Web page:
Following the merger with WPX Energy last year, the company announced fixed-plus-variable dividends, something that has gone down well with Wall Street. In the second quarter, Devon paid out up to 50% of free cash as a variable dividend, bringing the total dividend to $1.55 per share. The stable portion has been indifferent, currently yielding slightly more than 1%. But if the latest convertible payout is a sign of the future, shareholders could receive closer to 10% overall.
Some Wall Street analysts had earlier pointed to the potential for DVN to sport a dividend yield of as high as 8% by year-end. Devon has already exceeded that, and now sports a juicy 9.7% estimated forward dividend yield.
#3. APA Corp
Market Cap: $13.06B
12-Month Returns: 116.71%
Shares of APA Corp. (NYSE: APA) have been on an uptrend ever since after the company last December signed an agreement with the Egyptian government to invest at least $3.5B on research, development and production in the country’s Western Desert.
According to APA’s management, the deal consolidates 90% of gross production into a single concession and also refreshes existing development lease terms for 20 years. Egypt’s parliament has already approved an agreement to modernize and consolidate its production sharing contracts with the government.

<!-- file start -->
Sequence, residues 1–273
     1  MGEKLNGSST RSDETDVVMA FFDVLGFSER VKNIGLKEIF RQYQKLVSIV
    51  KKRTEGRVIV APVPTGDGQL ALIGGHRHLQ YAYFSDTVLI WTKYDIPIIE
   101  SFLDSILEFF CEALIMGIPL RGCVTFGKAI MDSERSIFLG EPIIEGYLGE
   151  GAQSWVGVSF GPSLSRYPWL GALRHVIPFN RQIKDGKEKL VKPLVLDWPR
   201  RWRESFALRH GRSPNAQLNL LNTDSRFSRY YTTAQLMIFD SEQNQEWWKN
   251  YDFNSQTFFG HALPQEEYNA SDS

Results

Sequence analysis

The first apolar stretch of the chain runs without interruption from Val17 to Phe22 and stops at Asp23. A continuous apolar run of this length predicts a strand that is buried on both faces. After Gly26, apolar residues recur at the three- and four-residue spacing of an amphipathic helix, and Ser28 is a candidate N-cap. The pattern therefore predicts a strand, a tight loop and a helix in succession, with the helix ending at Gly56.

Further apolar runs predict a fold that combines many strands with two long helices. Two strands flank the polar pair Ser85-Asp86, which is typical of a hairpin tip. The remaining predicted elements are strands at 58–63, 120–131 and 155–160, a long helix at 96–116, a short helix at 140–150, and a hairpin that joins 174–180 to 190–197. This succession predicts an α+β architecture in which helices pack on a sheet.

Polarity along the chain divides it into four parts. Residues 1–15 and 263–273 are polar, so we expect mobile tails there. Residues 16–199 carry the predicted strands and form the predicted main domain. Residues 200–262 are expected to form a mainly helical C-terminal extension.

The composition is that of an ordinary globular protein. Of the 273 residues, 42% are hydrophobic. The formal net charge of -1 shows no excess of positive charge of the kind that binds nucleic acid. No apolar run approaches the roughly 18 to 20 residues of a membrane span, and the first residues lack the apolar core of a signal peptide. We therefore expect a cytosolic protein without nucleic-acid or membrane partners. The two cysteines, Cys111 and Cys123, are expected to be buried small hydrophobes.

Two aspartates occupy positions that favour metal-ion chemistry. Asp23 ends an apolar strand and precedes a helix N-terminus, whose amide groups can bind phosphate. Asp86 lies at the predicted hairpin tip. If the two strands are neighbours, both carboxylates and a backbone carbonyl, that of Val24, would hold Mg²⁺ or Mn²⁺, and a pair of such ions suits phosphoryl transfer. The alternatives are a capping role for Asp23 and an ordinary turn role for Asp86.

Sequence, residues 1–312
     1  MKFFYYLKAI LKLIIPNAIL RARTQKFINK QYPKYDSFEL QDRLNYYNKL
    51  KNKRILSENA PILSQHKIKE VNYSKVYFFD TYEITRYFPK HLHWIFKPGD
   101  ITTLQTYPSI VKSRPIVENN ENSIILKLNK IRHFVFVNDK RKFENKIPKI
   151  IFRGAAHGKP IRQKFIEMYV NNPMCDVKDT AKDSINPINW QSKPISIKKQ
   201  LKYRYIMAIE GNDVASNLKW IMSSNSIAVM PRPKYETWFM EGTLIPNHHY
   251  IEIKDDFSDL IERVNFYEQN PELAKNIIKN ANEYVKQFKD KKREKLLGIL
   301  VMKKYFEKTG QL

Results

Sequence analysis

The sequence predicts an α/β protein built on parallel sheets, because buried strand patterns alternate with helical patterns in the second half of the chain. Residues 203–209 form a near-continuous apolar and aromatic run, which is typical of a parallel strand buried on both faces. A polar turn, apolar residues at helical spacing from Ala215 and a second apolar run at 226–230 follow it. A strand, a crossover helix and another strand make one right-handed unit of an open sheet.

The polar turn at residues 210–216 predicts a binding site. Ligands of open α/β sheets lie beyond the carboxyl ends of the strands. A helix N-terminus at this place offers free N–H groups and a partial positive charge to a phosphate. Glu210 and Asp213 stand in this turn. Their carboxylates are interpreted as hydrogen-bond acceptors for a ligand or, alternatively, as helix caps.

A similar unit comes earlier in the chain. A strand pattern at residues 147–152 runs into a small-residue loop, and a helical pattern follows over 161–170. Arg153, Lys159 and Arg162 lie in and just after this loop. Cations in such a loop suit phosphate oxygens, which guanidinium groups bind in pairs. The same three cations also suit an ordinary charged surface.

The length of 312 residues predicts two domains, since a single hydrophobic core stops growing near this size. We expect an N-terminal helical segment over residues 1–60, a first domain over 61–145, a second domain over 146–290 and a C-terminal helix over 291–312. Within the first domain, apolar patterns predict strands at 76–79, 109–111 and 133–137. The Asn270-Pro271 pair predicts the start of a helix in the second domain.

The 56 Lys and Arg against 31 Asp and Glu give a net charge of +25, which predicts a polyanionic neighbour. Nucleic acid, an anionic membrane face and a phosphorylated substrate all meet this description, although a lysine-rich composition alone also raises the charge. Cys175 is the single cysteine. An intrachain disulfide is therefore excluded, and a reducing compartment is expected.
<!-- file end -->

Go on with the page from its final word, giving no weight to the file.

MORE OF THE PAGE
Back in 2020, APA announced a major oil discovery at its 1.4-million-acre offshore Suriname tract adjacent to Exxon Mobil Corp.’s (NYSE: XOM) historic discovery. APA said it has made a world-class discovery at the Kwaskwasi-1 well located in the prolific Guyana-Suriname Basin, where it encountered 278 meters (912 feet) of net oil and volatile oil / gas condensate pay.
Bank of America Merrill Lynch touted the Suriname prospect as a potential game-changer for APA:
“Suriname has the potential to reset the investment case,” Merrill Lynch’s veteran oil-industry analyst Doug Leggate said.
A few days ago, APA declared a $0.25/share quarterly dividend, good for a 100% increase from the prior dividend of $0.13. APA shares now sport a 2.4% Forward Yield. Devon Energy stock is currently flashing a buy signal after breaking a recent downtrend.